In the late 1700s, freedom was a very important and popular topic on people’s minds, especially on the minds of the people living in the 13 colonies. Today that passion for freedom is burning strong again, causing many people to once again become interested in their freedom.
This is a wonderful thing, however, when people do not “innerstand” what freedom is, it can lead them down a dangerous path. To innerstand what freedom is on a deeper level, you need to investigate the word freedom meticulously by studying its origins and different definitions. Furthermore, you need to investigate the words that have a strong connection to freedom, such as liberty. You also need to study how word magic is used to hide the deeper meaning of words, allowing you to see their hidden meaning.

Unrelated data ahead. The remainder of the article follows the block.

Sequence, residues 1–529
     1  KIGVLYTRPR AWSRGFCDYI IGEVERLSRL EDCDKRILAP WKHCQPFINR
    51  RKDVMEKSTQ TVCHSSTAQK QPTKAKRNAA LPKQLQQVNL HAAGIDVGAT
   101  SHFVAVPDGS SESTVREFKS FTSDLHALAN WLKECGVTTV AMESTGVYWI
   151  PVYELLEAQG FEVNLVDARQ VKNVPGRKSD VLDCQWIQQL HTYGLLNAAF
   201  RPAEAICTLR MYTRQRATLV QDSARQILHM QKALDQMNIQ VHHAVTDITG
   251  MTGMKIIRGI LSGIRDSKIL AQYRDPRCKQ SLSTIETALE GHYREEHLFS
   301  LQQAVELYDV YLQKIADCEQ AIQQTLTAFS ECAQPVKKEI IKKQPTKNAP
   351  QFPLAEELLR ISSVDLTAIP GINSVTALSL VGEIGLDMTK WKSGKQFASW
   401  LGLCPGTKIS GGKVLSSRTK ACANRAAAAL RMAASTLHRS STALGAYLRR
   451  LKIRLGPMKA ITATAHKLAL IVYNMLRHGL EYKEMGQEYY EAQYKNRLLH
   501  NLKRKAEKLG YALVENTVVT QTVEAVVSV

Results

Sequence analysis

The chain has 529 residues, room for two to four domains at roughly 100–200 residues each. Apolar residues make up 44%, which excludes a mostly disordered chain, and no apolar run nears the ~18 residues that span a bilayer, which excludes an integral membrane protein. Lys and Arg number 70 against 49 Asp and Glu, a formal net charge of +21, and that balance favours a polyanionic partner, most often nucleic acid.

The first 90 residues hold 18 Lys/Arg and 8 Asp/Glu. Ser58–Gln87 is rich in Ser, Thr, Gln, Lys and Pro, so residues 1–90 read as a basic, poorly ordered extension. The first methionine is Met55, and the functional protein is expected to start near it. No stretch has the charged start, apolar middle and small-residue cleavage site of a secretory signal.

The Origins and Definitions of the Word Freedom
One of the origins of the word freedom is the Old English word freodom, meaning “power of self-determination, state of free will; emancipation from slavery, deliverance”.
Dictionary.com defines the word freedom using these exact words:
the state of being free or at liberty rather than in confinement or under physical restraint: He won his freedom after a retrial.
exemption from external control, interference, regulation, etc.
the power to determine action without restraint.
political or national independence.
Black’s Law Dictionary (5th edition) defines the word freedom using these exact words:
The state of being free; liberty; self-determination; absence of restraint; the opposite of slavery.